GDPR is the 679/2016 European Regulation for the protection of Personal Information and the safety of the private life of the citizens of the European Union, effective since May 25th 2018. It came and replaced the last important part of the 95/46/EK Directive regarding “EU Confidentiality,” dated since 1995, before the Facebook and Google era.
Many things have changed since then, especially in the way the Internet is used by businesses and natural persons, and in the role of exchanging information and data in our life, so the Regulation was updated.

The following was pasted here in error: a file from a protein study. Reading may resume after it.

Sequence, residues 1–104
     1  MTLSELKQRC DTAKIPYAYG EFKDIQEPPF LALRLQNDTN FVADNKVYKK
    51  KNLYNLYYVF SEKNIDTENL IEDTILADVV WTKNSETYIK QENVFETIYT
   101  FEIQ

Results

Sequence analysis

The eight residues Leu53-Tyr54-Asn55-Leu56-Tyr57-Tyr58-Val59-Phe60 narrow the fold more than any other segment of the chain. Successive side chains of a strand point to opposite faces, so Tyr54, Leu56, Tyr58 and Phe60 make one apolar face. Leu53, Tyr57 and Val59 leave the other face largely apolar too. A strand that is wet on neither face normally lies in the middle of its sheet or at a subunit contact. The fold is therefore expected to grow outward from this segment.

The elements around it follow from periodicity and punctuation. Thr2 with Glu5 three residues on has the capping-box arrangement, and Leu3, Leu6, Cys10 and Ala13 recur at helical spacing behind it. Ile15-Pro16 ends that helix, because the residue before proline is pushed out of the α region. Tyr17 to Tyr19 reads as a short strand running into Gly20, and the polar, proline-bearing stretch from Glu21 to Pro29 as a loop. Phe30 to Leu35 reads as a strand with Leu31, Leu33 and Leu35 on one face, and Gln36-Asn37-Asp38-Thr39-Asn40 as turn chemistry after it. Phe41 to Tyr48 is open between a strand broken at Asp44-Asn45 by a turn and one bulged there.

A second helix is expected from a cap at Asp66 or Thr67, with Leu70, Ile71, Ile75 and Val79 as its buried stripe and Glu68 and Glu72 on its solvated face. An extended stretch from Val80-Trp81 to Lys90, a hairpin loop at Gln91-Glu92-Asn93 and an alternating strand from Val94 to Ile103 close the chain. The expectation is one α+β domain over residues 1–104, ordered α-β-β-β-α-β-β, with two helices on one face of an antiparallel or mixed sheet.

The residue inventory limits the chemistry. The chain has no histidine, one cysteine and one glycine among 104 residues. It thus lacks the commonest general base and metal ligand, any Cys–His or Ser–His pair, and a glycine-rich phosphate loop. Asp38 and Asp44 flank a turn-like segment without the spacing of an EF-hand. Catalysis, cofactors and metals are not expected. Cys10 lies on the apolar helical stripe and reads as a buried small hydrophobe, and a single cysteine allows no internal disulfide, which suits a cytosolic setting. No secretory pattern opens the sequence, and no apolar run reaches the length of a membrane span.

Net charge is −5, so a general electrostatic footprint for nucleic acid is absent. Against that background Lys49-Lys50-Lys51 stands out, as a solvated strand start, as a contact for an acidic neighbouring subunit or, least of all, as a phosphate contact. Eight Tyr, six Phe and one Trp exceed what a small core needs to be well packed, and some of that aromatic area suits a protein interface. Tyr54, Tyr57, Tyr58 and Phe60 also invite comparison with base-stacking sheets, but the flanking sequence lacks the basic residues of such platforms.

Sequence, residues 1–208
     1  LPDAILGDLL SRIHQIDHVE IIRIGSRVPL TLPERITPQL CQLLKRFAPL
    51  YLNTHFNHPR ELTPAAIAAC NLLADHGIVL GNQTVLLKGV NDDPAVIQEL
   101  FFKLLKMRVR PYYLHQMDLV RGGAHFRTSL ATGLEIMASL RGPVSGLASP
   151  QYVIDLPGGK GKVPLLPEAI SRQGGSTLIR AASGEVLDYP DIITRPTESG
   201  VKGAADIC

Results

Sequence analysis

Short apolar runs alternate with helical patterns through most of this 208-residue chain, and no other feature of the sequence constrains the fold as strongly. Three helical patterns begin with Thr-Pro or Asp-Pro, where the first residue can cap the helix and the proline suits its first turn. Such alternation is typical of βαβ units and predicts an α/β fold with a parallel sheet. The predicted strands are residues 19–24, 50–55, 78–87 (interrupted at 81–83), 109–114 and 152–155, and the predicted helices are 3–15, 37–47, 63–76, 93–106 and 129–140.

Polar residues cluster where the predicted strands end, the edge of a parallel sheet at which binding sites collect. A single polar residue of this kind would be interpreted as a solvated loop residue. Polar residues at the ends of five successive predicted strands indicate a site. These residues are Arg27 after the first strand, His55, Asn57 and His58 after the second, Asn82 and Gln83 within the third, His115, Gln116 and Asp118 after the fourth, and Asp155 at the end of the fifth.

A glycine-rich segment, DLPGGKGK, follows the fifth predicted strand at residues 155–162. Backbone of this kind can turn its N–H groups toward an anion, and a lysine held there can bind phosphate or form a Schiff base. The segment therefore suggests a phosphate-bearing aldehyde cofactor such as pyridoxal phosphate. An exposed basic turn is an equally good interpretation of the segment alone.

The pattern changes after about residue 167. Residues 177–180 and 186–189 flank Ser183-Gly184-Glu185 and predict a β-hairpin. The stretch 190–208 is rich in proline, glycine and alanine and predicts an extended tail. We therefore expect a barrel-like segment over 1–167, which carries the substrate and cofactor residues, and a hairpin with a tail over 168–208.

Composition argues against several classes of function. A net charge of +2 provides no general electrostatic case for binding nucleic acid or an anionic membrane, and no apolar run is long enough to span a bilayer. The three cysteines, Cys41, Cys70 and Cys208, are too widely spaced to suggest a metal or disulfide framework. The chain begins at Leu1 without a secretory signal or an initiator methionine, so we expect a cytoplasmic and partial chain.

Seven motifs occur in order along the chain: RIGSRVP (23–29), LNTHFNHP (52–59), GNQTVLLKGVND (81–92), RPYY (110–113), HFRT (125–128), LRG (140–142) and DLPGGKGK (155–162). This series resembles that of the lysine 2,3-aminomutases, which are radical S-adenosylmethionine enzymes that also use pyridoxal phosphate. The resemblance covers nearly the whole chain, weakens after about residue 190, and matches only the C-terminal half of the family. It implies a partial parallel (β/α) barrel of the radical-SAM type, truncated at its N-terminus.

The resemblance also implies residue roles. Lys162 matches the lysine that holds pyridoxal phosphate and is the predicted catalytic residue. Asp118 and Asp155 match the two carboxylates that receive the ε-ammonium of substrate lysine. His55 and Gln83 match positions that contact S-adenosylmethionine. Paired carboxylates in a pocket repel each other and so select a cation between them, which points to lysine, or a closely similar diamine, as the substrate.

In our country, GDPR is integrated into the national legislation with the 4624/2019 Law.
- It updates the privacy legislation in order to take into consideration the most recent technical developments and the way we use them.
- Increases the limitations on what can businesses do with the personal information of their workers, customers, partners, and suppliers.
- It extends the rights of people so that they can have access to and control their data.
- It extends the limitations and imposes personal information protection assurances to business that are established outside the EU, in case they manage data collected within its territory.
The application of the regulation is not a luxury, but an obligation and an act of a civilised society.
Its non-application, aside from the administrative fines that sooner or later will be imposed, could cause enormous damage to the fame and operation of the business.